A group of A-10C Thunderbolt II attack planes had been deployed to Guam for training amid tensions between the United States and its regional rivals, specifically, China and North Korea, said the Air Force back in October.
The A-10s are commonly known among their admirers as “Warthogs.” These particular ones belong to the 23rd Air Expeditionary Wing at Moody Air Force Base, Georgia. The jets arrived at the US overseas island on October 23rd. Described by the service as part of a “routine dynamic force employment operation”, the practice of rotating units through overseas installations for training opportunities and to deter potential attacks in the region is common practice.
“The United States is committed to being ready to execute missions quickly in unpredictable ways,” the Air Force commented, adding that the service can “rapidly respond” to any perceived threat from abroad or in theatre.
A-10s have been a combat staple for attacking enemy armoured vehicles, tanks, and ground positions in West Asia for decades. After the US’s improvised withdrawal from Afghanistan in 2021, the Warthog crews have essentially been freed up to focus instead on honing their tactics in the Department of Defense’s other two top-priority regions: Europe and the Pacific. Its role as a bulwark for counterterrorism has also been put under reconsideration.
Show of Force
Flown by the 25th Fighter Squadron, the US maintains a regular A-10 force in the Indo-Pacific at South Korea’s Osan Air Base. The A-10s situated in this base fly routine maritime security patrols and help with search-and-rescue efforts in addition to their more conventional airstrike roles.
This morale-boosting jet, or morale-plummeting depending on who it’s firing at, can also send a message that the US intends to protect its partner nations and keep international airspace and waterways unrestricted to all.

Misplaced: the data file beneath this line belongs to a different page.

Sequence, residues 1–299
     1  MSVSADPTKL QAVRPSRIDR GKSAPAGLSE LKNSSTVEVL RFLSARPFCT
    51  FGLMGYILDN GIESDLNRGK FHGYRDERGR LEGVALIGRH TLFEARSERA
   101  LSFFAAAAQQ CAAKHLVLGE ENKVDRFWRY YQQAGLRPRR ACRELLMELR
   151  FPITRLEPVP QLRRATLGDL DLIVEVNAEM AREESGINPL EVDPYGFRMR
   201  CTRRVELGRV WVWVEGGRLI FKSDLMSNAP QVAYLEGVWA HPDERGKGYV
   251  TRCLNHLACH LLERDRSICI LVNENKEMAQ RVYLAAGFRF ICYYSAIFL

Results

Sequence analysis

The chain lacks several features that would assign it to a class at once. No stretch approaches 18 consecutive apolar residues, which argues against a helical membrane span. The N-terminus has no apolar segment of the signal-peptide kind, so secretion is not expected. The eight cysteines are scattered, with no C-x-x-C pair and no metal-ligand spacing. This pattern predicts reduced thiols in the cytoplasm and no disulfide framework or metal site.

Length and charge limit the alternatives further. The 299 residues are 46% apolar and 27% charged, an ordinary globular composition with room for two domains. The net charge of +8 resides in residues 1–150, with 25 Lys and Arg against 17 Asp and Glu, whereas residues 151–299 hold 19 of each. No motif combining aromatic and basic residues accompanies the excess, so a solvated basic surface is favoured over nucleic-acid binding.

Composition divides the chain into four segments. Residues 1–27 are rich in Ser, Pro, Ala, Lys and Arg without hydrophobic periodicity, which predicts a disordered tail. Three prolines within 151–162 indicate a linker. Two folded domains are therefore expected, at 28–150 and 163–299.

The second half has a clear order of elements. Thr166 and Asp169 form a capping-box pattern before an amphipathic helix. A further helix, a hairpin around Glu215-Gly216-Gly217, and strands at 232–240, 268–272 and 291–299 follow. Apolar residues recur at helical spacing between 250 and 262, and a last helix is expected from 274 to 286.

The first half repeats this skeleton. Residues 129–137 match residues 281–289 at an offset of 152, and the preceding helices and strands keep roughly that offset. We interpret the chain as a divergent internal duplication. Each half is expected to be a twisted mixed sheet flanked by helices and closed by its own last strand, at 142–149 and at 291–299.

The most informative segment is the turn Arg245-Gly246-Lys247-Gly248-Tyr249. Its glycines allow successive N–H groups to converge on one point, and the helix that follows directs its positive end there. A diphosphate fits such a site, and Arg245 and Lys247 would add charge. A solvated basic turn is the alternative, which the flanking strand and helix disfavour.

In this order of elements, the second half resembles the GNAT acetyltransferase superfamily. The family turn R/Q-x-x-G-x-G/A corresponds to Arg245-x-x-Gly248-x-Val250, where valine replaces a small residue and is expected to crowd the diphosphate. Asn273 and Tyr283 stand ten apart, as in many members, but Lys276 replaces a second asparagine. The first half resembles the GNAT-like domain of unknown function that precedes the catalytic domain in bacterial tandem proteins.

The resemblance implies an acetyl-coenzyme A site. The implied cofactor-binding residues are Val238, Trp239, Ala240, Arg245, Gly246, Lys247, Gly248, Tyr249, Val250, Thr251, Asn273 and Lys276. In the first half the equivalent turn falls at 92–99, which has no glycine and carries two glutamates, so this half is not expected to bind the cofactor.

Guam over South Korea
However, almost 2,000 miles south of Osan, almost as far apart as Colorado and Maine, the island of Guam offers a more remote and realistic proving ground than any base in South Korea. The 25th Fighter Squadron periodically visits Andersen to practise wartime skills, but appearances by the US-based A-10 units are rare.
The 23rd Mission Support Group was designated as one of several new “lead wings.” The Group trains, equips, and deploys personnel support forces to build, protect, and sustain air bases worldwide for combat air operations. The wing was on track to be certified as the Air Force’s first such organisation over the summer.
The Air Force indicated the A-10 unit will lead in “Operation Iron Thunder,” a Pacific Air Forces exercise that will assemble disparate aircraft and teach them to work together while separated by distance and jammed communications.
The operation will likely include other assets such as the B-1B Lancer bombers that arrived in Guam on October 18 and international partners like the Royal Australian Air Force. Air National Guard A-10s made a similarly atypical trip to Europe in May to participate in two US military exercises, held against the backdrop of Russia’s war in Ukraine.
“This is an A-10, but the procedures for calling in fires from an F-35, or an F-22, or a bomber or something else, will have quite a bit of overlap,” said Daniel Norton, a military systems analyst with the federally funded think tank Rand Corporation. “The training is valuable,” he then added.